Porsche says the Taycan will come in two models, the Turbo and the Turbo S. Despite not actually having a turbocharger, Porsche decided to keep the “Turbo” term for branding.

Weckbach said: “That was a big discussion internally. We decided it’s worth transferring the heritage of internal combustion engines to electric vehicles.”

The vehicle sports two permanent magnet motors that produce 625 hp and it has an “Overboost” mode that can power between 680 hp and 761 hp. Different from electric cars on the market now, the Taycan also has a two speed transmission that has a higher gear for highway driving. This higher gear boosts both efficiency and range.

Porsche is also redoing the way electric vehicles perform regenerative braking:

Also unusual, for now, is the way regenerative braking works. In electric cars, when the driver lifts her foot off the accelerator, the motors reverse to add more juice to the battery while aiding deceleration. This creates a halting feel in the accelerator pedal, and the car as a whole, that takes getting used to. To preserve a more traditional feel, Porsche’s regen system turns on only when the brake pedal is pressed.

The car will be recognized instantly for its classic Porsche look, and because the battery fits along the bottom of the car, designers could pencil in a flat hood with a “flyline” roof that angles towards the back. Seen from the street, the car is described by the reviewer as “aggressive” looking. We concur. 

This “aggressive” look could be because its aerodynamics are even better than the 911, based on its coefficient drag factor of 0.22. The car’s rear spoiler will rise and fall depending on the drive mode setting the car is in and the front trunk is big enough to hold a carry-on bag. The rear trunk can handle two golf bags or six carry-ons.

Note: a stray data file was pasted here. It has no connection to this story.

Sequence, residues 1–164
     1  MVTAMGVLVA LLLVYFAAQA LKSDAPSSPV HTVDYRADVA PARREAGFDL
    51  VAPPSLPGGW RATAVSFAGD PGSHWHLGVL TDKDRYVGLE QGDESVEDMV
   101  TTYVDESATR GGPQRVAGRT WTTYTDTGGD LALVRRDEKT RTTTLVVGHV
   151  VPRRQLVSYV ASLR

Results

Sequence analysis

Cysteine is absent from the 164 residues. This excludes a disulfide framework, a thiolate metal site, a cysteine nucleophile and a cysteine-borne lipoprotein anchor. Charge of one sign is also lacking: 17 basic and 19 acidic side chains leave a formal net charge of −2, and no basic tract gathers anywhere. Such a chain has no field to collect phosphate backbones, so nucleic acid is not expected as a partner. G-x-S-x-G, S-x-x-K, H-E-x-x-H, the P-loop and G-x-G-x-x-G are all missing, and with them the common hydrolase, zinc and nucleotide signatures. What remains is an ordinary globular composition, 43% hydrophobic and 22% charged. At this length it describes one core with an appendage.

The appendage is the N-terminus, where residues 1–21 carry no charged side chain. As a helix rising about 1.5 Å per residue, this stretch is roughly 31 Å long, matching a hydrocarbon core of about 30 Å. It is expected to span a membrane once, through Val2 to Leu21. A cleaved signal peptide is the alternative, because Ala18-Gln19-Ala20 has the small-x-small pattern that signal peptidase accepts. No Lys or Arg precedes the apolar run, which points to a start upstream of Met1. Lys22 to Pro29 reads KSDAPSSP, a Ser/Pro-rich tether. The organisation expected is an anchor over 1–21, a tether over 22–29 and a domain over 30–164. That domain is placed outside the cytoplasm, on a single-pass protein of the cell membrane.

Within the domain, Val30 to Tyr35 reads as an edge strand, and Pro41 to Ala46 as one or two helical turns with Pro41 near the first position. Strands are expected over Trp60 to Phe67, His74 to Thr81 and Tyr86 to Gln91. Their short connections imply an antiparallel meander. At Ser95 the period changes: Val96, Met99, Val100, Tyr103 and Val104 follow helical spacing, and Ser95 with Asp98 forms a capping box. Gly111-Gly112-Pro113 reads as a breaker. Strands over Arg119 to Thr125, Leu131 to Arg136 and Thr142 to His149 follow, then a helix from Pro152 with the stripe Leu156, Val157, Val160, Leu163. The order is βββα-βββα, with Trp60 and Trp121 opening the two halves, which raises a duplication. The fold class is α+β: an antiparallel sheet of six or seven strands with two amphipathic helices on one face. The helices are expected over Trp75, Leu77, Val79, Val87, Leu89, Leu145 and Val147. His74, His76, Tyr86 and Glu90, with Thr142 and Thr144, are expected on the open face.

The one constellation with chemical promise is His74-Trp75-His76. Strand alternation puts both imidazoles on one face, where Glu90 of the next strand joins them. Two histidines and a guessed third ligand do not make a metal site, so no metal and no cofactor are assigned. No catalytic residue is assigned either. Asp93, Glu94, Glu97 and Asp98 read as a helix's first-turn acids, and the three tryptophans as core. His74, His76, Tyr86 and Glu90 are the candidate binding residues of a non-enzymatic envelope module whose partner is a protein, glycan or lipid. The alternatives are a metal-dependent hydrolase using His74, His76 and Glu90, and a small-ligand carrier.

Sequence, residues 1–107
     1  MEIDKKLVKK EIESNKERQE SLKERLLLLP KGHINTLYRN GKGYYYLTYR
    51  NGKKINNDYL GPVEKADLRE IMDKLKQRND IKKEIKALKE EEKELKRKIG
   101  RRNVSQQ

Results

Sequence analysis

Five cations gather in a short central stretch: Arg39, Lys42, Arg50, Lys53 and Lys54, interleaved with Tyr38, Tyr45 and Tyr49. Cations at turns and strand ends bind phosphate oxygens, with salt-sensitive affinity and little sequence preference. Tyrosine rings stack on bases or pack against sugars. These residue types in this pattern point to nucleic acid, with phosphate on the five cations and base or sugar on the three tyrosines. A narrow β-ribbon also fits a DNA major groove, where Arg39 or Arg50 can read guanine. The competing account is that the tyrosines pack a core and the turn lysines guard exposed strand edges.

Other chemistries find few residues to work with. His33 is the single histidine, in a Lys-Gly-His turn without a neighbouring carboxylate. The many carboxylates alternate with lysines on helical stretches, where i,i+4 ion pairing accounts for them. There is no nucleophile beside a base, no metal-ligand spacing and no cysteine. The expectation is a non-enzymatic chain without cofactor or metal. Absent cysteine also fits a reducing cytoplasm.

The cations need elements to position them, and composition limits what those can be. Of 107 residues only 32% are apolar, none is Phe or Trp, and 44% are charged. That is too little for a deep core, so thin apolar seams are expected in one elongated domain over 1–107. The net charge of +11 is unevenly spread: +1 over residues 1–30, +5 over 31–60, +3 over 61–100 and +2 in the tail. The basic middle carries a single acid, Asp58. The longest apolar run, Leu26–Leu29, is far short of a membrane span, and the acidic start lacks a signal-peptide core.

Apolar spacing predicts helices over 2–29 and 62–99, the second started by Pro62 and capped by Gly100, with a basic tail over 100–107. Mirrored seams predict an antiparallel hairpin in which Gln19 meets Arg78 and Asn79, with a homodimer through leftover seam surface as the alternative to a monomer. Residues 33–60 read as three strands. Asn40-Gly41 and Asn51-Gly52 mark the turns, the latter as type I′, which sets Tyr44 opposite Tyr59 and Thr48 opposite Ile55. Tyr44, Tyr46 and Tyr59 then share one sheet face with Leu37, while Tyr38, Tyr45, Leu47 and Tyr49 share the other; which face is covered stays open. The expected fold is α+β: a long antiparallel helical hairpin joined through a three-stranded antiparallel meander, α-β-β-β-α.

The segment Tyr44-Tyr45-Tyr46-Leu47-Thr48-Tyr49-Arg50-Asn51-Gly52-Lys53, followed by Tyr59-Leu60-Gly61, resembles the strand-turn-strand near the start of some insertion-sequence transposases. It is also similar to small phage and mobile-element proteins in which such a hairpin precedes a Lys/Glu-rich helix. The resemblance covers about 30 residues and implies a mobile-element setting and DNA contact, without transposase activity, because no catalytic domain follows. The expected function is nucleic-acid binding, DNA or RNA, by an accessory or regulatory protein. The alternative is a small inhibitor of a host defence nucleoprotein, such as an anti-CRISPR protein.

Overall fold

Internally, the car sports digital technology that includes three screens and a curved instrument cluster directly in front of the driver’s eyes. After being produced, the cars head through leak and wind testing and are driven on rollers for 10 to 20 km indoors to ensure that the build is tight enough to handle bumpy roads.

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The introduction of the Taycan has certainly caught the attention of Elon Musk, who took the time on Thursday to uncharacteristically take a jab at Porsche for continuing to use the “Turbo” terminology on the Taycan.


Musk was them promptly ridiculed by, well, what appeared to be everyone on social media, who reminded him that people in glass EV houses shouldn’t be throwing stones. 





One helpful Twitter user even made a chart to get his/her point across:


Musk followed up with a Tweet letting the world know that the Model S would now coincidentally be at the Nurburgring next week. Surely it has nothing to do with the Taycan release.


Regardless, it is a pretty safe bet that Porsche owners won’t be greeted with screens like this when trying to operate their new luxury EVs:


We wonder how long before Elon Musk (wearing a corset and fake mustache) is spotted driving a Taycan around town.